• Micah Parsons: 1st overall (36th by run defense, 1st by pass rush, 43rd by tackling)
  • Leighton Vander Esch: 39th overall (37th by run defense, 52nd by pass rush, 33rd by tackling)
  • Keanu Neal: 86th overall (94th by run defense, 80th by pass rush, 84th by tackling)

At the risk of spoiling the rest of the rankings, Parsons is the only Dallas Cowboy to finish first overall at his position. This is on the back of the best pass rushing grade in the league by a wide margin. But if you are looking at a year two improvement for the linebacker, it could come in his run defense or tackling ability.

LVE was a solid second linebacker. Over the back half of the year, he was actually ranked top ten at the position despite a very slow start.

Hopefully, Keanu Neal finds more success switching back to safety for the Buccaneers.


Out of 129 qualifying CBs, Dallas’ players finished:

  • Anthony Brown: 45th overall (72nd by run defense, 45th by coverage, 63rd by tackling)
  • Jourdan Lewis: 75th overall (112th by run defense, 64th by coverage, 41st by tackling)
  • Trevon Diggs: 91st overall (123rd by run defense, 54th by coverage, 76th by tackling)

Here is the primary source of debate this offseason, Trevon Diggs ranking as a 30th percentile cornerback. Meaning that 70% of all cornerbacks were better than Diggs last season, according to PFF. Once again, this is not an article disputing the rankings but rather just laying out the facts.

Now one interesting note, all three Dallas cornerbacks finished within the top half of the league by their coverage score. Maybe this is what makes the unit work, there is not a drastic dropoff in talent among the secondary. It is possible that three “average” players, according to PFF, are better than two superstars and a liability. In 2022 when the interceptions don’t come as easy, this hypothesis will be tested.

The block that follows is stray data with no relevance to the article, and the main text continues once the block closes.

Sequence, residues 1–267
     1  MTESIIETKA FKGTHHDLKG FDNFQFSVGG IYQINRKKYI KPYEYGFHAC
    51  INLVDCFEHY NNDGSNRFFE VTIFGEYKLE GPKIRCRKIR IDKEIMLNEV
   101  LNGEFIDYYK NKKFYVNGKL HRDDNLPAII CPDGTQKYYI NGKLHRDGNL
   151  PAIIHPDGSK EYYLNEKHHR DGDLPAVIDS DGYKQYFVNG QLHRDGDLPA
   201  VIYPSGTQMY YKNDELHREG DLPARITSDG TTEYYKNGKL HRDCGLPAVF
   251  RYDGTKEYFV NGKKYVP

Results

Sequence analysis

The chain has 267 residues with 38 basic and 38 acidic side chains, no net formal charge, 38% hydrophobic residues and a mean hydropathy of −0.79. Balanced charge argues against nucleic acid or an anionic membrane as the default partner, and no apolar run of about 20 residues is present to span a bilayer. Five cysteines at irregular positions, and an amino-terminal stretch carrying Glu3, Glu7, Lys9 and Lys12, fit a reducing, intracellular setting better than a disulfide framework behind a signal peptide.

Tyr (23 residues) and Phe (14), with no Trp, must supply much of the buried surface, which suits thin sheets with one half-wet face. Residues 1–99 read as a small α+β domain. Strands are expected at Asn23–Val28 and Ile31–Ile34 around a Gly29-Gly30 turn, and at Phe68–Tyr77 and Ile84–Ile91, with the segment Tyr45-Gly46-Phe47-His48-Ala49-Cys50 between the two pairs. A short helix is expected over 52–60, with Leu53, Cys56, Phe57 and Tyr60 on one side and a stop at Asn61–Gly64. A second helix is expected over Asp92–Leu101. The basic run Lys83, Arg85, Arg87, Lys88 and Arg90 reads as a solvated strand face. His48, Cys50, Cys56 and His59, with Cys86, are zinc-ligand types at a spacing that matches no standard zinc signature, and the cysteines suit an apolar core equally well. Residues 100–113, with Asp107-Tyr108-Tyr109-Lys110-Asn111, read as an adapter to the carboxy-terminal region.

Out of 98 qualifying safeties, Dallas’ players finished:

  • Jayron Kearse: 13th overall (34th by run defense, 16th by coverage, 3rd by tackling)
  • Malik Hooker: 29th overall (12th by run defense, 40th by coverage, 78th by tackling)
  • Donovan Wilson: 54th overall (79th by run defense, 46th by coverage, 80th by tackling)
  • Damontae Kazee: 57th overall (68th by run defense, 42nd by coverage, 73rd by tackling)

The Cowboys will be entering 2022 with two top-30 safeties from last year. But it will be interesting to see if Dan Quinn relies more on Kearse and Hooker than he did last year. Because Dallas was just one of the seven teams to have four safeties play more than 20% of the available snaps, most other teams had two or three.

Regarding individual takeaways, there is not a lot to be surprised by. Kearse was solid, Hooker played admirably in the 474 snaps he played, and Wilson and Kazee were around the league average. Not a bad year for a position group that many thought would be the weak link.

And if you are curious about special teams, here is where the rankings stood:

  • Bryan Anger: 2nd best PFF grade out of the 35 qualifying punters
  • Greg Zuerlein: 29th best PFF grade out of the 49 qualifying kickers
  • Tony Pollard: 5th best PFF grade out of the 42 qualifying kick returners
  • CeeDee Lamb: 7th best PFF grade out of the 36 qualifying punt returners

And that is how the 2021 Dallas Cowboys season looked at the individual level. Some players might have been lower or higher than you expected, but for the most part, the rankings seem pretty fair.

Now, it is a new year. From the first snap of preseason, PFF will be compiling new grades and evaluations for the rest of the country to debate. It is fun to see where your guys stack up across the league. Pro Football Focus looked favorably upon last year’s Cowboys, so maybe they were just one season off.